When you lie down,
you will not be afraid;
when you lie down,
your sleep will be sweet.
-Proverbs 3:24 (NIV)
A few weeks ago, I posted a blog about my sleep patterns and how important my sleep was to me. I was met with a number of responses and emails from several readers who were having problems getting enough sleep at all, despite their best efforts.
According to the National Institutes of Health, sleep disturbance is a core symptom of bipolar disorder. The diagnostic criteria for bipolar disorder indicate that during manic episodes there may be a reduced need for sleep and during episodes of depression, insomnia or hypersomnia can be experienced nearly every day (American Psychiatric Association, 2000).
What’s at stake for an individual with Bipolar Disorder or disorder who is struggling with sleep? The National Institutes of Health cites seven key reasons why sleep disturbance in Bipolar Disorder matters:
- Sleep Disturbance Impairs Quality of Life
- Sleep Disturbance Contributes to Relapse
- Sleep Is Critical for Mood Regulation
- Sleep Is Important for Cognitive Functioning
- Sleep Impacts Health
- Sleep Deprivation Is Associated With Substance Use
- Sleep Deprivation Contributes to Impulsivity and Risk Taking
How much sleep should I get each night?
Adults should get between seven to nine hours of sleep each night.
Generally speaking, when I’m manic, I get more sleep, even enforcing a mandatory bed-rest period for two to three days. When depressed, I aim to sleep less, with a focus on getting up early.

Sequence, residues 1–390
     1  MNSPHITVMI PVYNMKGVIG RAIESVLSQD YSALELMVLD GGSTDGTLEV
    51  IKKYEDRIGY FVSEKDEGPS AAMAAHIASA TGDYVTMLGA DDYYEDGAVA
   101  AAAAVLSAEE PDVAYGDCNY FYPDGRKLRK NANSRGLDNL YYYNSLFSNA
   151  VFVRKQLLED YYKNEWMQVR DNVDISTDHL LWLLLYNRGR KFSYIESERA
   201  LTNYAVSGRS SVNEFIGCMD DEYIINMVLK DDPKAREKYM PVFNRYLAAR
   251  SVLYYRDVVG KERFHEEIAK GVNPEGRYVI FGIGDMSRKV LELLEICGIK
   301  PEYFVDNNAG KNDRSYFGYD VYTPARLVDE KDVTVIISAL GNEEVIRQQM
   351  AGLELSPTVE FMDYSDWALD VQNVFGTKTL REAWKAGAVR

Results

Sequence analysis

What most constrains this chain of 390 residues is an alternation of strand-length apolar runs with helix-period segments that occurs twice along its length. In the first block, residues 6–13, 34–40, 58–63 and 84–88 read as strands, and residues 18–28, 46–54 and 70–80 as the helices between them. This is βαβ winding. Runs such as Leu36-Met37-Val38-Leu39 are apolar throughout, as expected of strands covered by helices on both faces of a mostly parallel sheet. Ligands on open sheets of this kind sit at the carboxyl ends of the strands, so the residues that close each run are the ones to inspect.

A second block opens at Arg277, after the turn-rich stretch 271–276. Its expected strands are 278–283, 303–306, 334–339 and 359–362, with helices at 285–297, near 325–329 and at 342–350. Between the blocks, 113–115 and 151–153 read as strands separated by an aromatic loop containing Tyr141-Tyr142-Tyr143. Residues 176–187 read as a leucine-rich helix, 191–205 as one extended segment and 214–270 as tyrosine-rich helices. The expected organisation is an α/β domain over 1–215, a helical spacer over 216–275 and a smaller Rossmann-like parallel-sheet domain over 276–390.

Obviously, sleep quality is core to the disease, so what’s to be done when sleep eludes an individual who is working so hard to stay well?
Uncovering Sleep Issues
- Attempt to discover all the factors that are affecting your sleep.
- Discuss your sleep issues with your doctor right away.
- Keep a sleep diary. Include:
- How long it takes to go to sleep;
- How many times you wake up during the night;
- How long you sleep all night;
- When you take medication or use caffeine, alcohol, or nicotine;
- When you exercise and for how long.
- Certain bipolar medications may affect sleep as a side effect, by disrupting the sleep-wake cycle. Discuss this with your doctor.
- Consider any other drugs or medical conditions that may be affecting your sleep (arthritis, migraines, or a back injury).
- Are you using alcohol, medical marijuana or other pills/street drugs to manage your moods/self-medicate? These substances will interfere with your body’s natural sleep cycle.
Take steps to restore sleep
- Establish consistent sleep and wake schedules, even on the weekend. This will support your circadian rhythm to get in sync with a normal schedule.
- Limit daytime naps, if not sleeping well at night.
- Use your bedroom only for sleep and sex.
- Avoid electronics in the bedroom, including smartphones and ipads. (They are proven to stimulate the brain and keep you awake.) Keep them charging away from your bed, preferably in another room.
- Adjust medication dosage times with the assistance of your doctor (do not take stimulating drugs at night).
- Eliminate alcohol, caffeine, heavy or spicy foods late in the day.
- Keep the bedroom as dark and quiet as possible and maintain a temperature that is not too hot or cold. Use fans, heaters, blinds, earplugs, or sleep masks, as needed.